In his excellent book, Stalking the Goddess, Mark Carter makes some interesting points about Celtic religion. (You’re going to be hearing a lot about Mark). The Celts didn’t have a name for their religion so far as we know. Why would they? It was their religion, the religion, it didn’t need naming. To call it Druidry, he points out, is like calling Christianity Priestism. Celt itself is a word that comes from the outside too. There’s the Greek word Keltoi, which I think the Romans took up to describe some of their ‘barbarian’ neighbours, designating others as Germanic. The divisions are arbitrary.
Often names come from the outside. We don’t need them. We are the people, this is our earth, this is our religion, you only need names when there’s something to distinguish yourself from. As Alan Pilbeam points out when writing about countryside history, inside the village, it’s just the village. The name other people give it will tell you a lot more about what the place is like. I live in the area that was once Slime Bridge. Nice.
Druidry is not the word for ancient Celtic religion. Is it the word to
describe a modern religion? I’m going to say no. Druidry is not A Religion. For many people, what they practice as a Druid is effectively a religion, but that’s not the same as A Religion. We have polytheists, monotheists, duotheists, animists, pantheists and non-theists amongst the modern Druid ranks. No amount of mental wriggling will enable you to call that A Religion. It’s lots of religions.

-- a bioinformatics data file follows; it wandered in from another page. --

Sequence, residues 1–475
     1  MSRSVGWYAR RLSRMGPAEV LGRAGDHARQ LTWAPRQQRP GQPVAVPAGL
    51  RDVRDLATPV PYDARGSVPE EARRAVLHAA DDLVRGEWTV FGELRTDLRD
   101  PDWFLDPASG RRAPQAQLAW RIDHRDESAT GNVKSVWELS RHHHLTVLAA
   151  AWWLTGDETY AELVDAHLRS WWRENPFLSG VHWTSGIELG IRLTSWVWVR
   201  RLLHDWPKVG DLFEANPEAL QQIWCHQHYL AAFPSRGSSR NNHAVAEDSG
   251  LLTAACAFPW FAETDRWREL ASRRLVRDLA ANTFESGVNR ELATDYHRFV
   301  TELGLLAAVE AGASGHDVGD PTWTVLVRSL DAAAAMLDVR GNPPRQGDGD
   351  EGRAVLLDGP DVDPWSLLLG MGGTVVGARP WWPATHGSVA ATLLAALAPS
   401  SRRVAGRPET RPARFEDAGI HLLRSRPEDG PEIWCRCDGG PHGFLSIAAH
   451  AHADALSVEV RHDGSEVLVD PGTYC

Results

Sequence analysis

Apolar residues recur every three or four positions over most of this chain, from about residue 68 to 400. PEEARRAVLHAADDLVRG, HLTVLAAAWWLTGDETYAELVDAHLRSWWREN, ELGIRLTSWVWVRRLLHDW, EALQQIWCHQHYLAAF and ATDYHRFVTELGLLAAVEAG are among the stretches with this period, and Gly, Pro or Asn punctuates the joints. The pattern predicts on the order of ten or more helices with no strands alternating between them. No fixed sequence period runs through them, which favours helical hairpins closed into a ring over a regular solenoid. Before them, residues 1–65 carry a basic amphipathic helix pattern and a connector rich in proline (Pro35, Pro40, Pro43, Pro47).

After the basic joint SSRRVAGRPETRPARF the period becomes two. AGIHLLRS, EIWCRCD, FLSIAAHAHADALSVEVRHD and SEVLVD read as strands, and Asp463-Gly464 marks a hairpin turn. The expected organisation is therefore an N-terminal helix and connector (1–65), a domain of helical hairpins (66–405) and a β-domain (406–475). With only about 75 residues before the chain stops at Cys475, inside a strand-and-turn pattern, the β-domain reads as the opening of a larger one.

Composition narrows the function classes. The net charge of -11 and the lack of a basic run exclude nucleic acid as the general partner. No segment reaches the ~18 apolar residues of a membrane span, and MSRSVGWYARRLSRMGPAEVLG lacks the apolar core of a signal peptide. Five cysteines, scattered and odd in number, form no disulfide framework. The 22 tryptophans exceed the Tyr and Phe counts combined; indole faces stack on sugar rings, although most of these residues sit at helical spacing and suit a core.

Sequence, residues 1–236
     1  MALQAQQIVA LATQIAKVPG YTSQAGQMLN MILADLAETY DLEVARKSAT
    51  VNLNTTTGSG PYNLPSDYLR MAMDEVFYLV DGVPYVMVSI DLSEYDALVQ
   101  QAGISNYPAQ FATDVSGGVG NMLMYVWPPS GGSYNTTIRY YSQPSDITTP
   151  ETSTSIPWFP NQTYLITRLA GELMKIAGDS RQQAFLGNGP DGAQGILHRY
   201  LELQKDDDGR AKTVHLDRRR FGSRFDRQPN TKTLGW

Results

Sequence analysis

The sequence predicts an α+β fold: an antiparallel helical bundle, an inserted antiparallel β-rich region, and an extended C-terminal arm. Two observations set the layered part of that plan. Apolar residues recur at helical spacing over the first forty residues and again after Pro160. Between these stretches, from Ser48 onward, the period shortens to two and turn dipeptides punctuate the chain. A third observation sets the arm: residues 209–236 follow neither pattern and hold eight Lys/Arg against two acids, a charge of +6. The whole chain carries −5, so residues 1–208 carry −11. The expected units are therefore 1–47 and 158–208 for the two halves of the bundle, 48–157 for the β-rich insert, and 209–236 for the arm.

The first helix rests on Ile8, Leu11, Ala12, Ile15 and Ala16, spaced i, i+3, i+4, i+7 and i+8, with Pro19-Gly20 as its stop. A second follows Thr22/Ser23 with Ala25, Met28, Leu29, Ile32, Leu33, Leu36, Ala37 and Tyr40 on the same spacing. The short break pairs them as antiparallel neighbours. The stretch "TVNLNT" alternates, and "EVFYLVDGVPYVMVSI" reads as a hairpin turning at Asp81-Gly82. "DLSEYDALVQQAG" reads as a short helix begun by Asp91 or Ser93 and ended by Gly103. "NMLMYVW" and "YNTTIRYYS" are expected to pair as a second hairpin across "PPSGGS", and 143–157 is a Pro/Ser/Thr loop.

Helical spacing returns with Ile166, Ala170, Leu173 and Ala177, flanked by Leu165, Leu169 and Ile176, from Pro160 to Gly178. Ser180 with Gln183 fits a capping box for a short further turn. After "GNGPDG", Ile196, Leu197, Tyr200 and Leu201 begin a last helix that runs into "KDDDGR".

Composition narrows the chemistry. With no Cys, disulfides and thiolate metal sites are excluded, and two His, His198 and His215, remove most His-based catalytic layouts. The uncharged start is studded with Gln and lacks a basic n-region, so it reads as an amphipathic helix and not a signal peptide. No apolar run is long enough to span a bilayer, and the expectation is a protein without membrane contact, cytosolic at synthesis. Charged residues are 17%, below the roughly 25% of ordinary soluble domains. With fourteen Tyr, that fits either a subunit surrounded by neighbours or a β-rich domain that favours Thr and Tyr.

It’s also worth noting that our culture is totally different. Modern Druids are not one people in one society with one land and one religion. We are scattered across diverse communities and walk amongst people of widely different beliefs. We live in very different places, too. It no longer makes sense to say ‘we are the people and this is our religion’ because the context that worked in no longer exists. There is a great deal about Celtic religion we can never replicate because we do not have social context in which it functioned. A religion is not a tag on to a society. It both informs, and is informed by everything else. Without Celtic life and Celtic social structures, we are doing something else. That’s fine, but we need to recognise it.
I think it helps to consider Druidry as a doing term. Druidry is that which Druids do. This in turn allows us to focus on the commonality and not get bogged down in what it means that some of us believe in individual, personified deities and some of us don’t. Druidry is service. It is study. It is using your creativity for the good of your land and tribe (whoever they are). It is teaching and enabling other people, planting trees, honouring the natural world. Druidry is turning up when you are needed and doing the things you are called on to do. That might be celebrant work, or helping other people find the words they need, or writing stroppy letters to the press, or any number of other things. It’s not belief that makes a Druid, but the doing. It’s also wider reaching than the Druid or Pagan communities. It’s being a voice for the environment at a local planning session. It is protest for human rights and social justice.
Often where your Druidry is most needed is not in the company of other Druids, but out in the rest of the world. The company of Druids is more a place to share ideas, and draw inspiration. We do not need to do Druidry for other Druids very often. Rites of passage maybe, support in hard times, but mostly if a person is doing Druidry, they don’t need another Druid to do it for them. The (im)moral support can be nice though.